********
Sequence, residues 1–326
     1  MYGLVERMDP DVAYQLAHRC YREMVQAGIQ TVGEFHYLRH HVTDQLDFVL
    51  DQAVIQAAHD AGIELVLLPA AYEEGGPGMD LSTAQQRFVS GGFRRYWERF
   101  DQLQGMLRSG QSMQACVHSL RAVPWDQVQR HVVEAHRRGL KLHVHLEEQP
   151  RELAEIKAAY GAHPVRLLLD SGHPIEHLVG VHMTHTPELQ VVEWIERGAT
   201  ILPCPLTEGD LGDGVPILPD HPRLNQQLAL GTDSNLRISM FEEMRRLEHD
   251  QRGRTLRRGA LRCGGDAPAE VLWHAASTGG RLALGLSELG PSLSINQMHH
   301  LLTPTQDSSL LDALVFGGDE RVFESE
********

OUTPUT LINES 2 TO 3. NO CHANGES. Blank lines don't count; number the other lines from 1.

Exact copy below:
     1  MYGLVERMDP DVAYQLAHRC YREMVQAGIQ TVGEFHYLRH HVTDQLDFVL
    51  DQAVIQAAHD AGIELVLLPA AYEEGGPGMD LSTAQQRFVS GGFRRYWERF